Sister Marilín, also reflecting on the presentation by the attorney, said she learned how the economy of the Philippines “plummeted” in 50 years. “This is happening because of 40 families in the Philippines who own the Philippines,” she said. “It’s a dynasty and they insert themselves in all the circles of power.” Sister Marilín also learned of the daily violence caused by extrajudicial killings – drug dealers, but more drug users who are targeted by the government and killed as part of the nation’s war on drugs.

From left, Sisters Marilín Llanes, OP, Carolyn Roeber, OP, and Rosita Yaya, OP.

Sister Marilín was also impressed by Father Quirico Pedregosa, OP, and his encouragement to Dominicans to follow their call to preach to people on the peripheries of society. “At the end he says that every time the [Dominican] Order flourishes, it’s when we respond to the peripheries,” to people who are cast aside or neglected by society.

The Sisters from North America also recognized many admirable qualities in the Filipino culture. Sister Luchy noted that one of the biggest differences between the Filipino and the North American cultures is the respect that the people in the Philippines have for their elders. She said she was especially impacted by the way children and young people come to the Sisters and humbly ask for a blessing. 

“To experience another culture was just personally enriching,” Sister Carol Jean said. “It kind of changes you. You take in these beautiful people and you learn something of the sufferings that they endure.”

Sister Marilín was struck by the hospitality of the Sisters. “The Filipino culture is the most welcoming and so attentive to detail and to making sure you feel at home,” she said. “The minute I stepped into their house, I felt at home.”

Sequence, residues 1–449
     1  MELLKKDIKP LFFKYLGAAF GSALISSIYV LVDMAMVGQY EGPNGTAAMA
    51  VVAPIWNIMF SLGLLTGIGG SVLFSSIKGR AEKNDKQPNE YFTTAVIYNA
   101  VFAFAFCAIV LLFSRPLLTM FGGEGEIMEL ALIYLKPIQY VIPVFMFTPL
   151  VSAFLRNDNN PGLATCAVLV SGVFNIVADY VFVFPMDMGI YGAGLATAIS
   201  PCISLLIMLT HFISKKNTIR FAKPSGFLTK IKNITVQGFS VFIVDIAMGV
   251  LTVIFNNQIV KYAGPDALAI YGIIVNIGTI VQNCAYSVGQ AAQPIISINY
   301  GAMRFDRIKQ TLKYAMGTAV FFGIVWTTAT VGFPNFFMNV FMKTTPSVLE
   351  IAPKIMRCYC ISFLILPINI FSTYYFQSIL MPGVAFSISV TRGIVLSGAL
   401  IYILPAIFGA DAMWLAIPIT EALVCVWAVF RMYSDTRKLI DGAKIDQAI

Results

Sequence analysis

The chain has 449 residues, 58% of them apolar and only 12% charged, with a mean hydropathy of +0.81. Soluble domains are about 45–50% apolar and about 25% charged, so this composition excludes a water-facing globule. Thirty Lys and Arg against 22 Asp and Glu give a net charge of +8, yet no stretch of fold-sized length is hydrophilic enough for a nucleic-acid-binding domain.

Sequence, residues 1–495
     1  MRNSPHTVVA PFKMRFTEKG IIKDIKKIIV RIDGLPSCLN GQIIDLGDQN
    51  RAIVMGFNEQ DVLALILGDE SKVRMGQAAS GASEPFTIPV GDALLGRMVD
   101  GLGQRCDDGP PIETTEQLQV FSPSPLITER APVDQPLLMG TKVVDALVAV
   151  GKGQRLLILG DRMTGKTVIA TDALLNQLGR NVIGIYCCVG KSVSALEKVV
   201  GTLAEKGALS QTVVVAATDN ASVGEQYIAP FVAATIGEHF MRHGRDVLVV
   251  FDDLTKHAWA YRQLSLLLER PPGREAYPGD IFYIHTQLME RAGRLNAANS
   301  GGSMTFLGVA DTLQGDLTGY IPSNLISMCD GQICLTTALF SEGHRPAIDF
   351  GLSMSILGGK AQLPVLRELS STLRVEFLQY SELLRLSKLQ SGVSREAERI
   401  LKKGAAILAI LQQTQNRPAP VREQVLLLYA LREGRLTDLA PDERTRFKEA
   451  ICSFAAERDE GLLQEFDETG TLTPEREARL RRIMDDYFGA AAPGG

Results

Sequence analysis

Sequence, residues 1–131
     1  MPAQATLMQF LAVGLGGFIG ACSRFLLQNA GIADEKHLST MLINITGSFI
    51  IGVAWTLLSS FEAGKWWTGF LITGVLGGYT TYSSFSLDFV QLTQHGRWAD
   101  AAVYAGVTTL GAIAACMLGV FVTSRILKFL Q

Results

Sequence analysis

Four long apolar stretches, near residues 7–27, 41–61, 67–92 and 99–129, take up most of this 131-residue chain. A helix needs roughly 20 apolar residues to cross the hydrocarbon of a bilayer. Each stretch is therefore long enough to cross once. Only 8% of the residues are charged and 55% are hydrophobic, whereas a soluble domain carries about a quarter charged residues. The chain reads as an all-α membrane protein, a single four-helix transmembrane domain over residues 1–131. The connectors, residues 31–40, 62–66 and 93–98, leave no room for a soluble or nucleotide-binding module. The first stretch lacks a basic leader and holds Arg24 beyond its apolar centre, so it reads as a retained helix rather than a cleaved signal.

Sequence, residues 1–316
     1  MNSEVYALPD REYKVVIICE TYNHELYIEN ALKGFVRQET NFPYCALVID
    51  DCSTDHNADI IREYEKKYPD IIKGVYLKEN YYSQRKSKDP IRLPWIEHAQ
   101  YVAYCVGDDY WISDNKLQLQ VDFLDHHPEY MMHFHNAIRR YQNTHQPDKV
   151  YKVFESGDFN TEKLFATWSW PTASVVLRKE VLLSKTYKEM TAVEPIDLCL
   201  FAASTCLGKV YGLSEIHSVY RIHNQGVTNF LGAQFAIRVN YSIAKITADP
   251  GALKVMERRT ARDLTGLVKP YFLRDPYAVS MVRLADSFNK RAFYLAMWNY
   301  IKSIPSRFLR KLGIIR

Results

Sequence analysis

The guests from North America also had the opportunity to come to know the Sisters from Our Lady of Remedies Mission Chapter, their various ministries, and the influence they have on the people they serve. The Sisters teach and administer in various schools; teach catechism and serve in a feeding program for students at Villa Maria, a private school that serves the indigenous Aeta people; reach out to street children; and advocate for justice and peace for their people.

“It was just such a gift to be with the Sisters and to be with the people they minister to,” Sister Carol Jean said. “[Ministry is] their life, and you can really see that – and how grateful the people on the panel were on Saturday to have the Sisters in their lives.” But, recalling the injustice and the difficulties that the people in the Philippines face, she added, “It’s hard for me to imagine how our Sisters carry the pain that is so prevalent there.”

Sister Luchy saw that the greatest gift the Sisters in the Philippines can give is hope. “They bring hope to the people they have in ministry,” she said. “Our Sisters are doing their best to bring hope to those people who are very poor.”

“It was a rich experience of integrating our Dominican charism in Asia and beyond, and then to understand how together we are embracing the future,” Sister Marilín recalled. “I was so honored to have had the opportunity to go.”

Feature photo (top): Sister Patricia Harvat, OP, left, and Sister Carol Jean Kesterke, OP, speak to some of the school children who danced for participants of Pagyakap sa Hinaharap